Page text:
General Motors has announced it will stop Opel distribution in Australia, less than a year since it introduced the brand to the market, stating that business is “not financially viable”. The company said that the decision was taken by Opel in Germany and that it is winding down its sales network in Australia with immediate effect.

“In order to be competitive, Opel Australia would need to follow recent competitor price reductions and significantly reposition the price of its core volume models,” said the company in a statement. “These changes, combined with the continued investment required to ensure brand awareness, result in a business which is not financially viable for any of the parties involved.

Astra, Corsa and Insignia models were launched in Australia in September 2012 to compete in the light, small and medium segments, which account for around 70% of Australian passenger car sales. However, Opel sales did not reach 1,000 in the first half of this year (with only 540 sold in 2012). The Cascada model was also due to go on sale there from 2014 but this plan will also be shelved.

Opel had set up 20 dedicated dealerships for the sale of its vehicles, supplied from plants in Germany, Spain and the UK.

The company said it would look at the potential for future GM Holden-badged “niche product”, though a spokesperson for the company told Automotive Logistics this was still undecided.

“Any discussions around the potential for Opel product in Australia in the future are only very recent and it would be premature to suggest they will definitely be sold with a Holden badge,” she said. “It's simply too soon to speculate on the future for Opel product in Australia.”

GM Holden recorded sales of 57,000 vehicles in the first six months of this year (from 61,000 over the same period last year).

Opel Australia said it is working closely with employees, dealers and suppliers to manage the closure process “in an orderly and responsible manner”.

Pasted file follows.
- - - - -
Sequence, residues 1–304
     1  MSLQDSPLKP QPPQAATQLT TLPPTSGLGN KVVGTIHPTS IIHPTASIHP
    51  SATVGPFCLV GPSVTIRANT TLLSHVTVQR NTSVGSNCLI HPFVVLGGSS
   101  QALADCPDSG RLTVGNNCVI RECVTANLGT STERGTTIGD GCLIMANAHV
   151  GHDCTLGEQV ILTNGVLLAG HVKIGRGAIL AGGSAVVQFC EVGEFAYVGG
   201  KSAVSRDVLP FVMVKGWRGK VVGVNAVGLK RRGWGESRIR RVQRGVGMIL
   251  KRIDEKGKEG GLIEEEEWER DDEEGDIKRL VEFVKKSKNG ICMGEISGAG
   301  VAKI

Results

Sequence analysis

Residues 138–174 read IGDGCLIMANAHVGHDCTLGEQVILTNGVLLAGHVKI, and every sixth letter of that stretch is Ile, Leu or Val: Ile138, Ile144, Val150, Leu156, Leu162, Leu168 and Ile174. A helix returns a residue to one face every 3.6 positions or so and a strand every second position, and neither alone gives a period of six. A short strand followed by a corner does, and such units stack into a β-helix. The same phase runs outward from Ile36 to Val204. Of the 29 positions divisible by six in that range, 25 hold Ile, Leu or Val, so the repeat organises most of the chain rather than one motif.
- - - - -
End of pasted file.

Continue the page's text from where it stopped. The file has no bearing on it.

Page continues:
This latest withdrawal follows the announcement made at the end of May this year that Ford was pulling manufacturing out of Australia from 2016 after 90 years in the country. The company has lost approximately A$600m ($574m) over the last five years, with a strong Australian dollar also contributing to operating costs. Ford, however, will continue to import and distribute vehicles through its 200-strong dealer network.

Help for the Australian supply base
The Ford announcement prompted the Australian federal and Victorian governments to make available A$12m ($10.7m) in funding for the automotive supply base. A further A$7.3m was announced August 5th as part of the joint Australian, Victorian and South Australian government funding initiative called the Automotive New Markets Program (ANMP). The programme is designed to help companies capture new business opportunities in domestic and overseas markets. Applications have also opened for firms to apply under a third round of the ANMP initiative.

"The automotive supply chain is a vital part of Australia's multi-billion dollar car manufacturing sector,” said Kim Carr, minister for Innovation, Industry, Science and Research. “The ANMP is designed to help companies capture new business opportunities in domestic and overseas markets."

Carr said it was essential that Australia maintained a strong automotive supply chain in Australia by providing opportunities to expand their product and market base.

"The grants of up to $1m each will enable innovative firms to develop new products, introduce new technologies and grow markets in Australia and overseas for automotive and non-automotive sectors," he stated.

The ANMP is part of the $47m Automotive New Markets Initiative. Further information, including a list of grant recipients, can be found at

This week the Federal government also announced a further $200m funding boost for Australia’s car industry designed to increase sales of locally made cars. It will be shared between Holden, Toyota and Ford.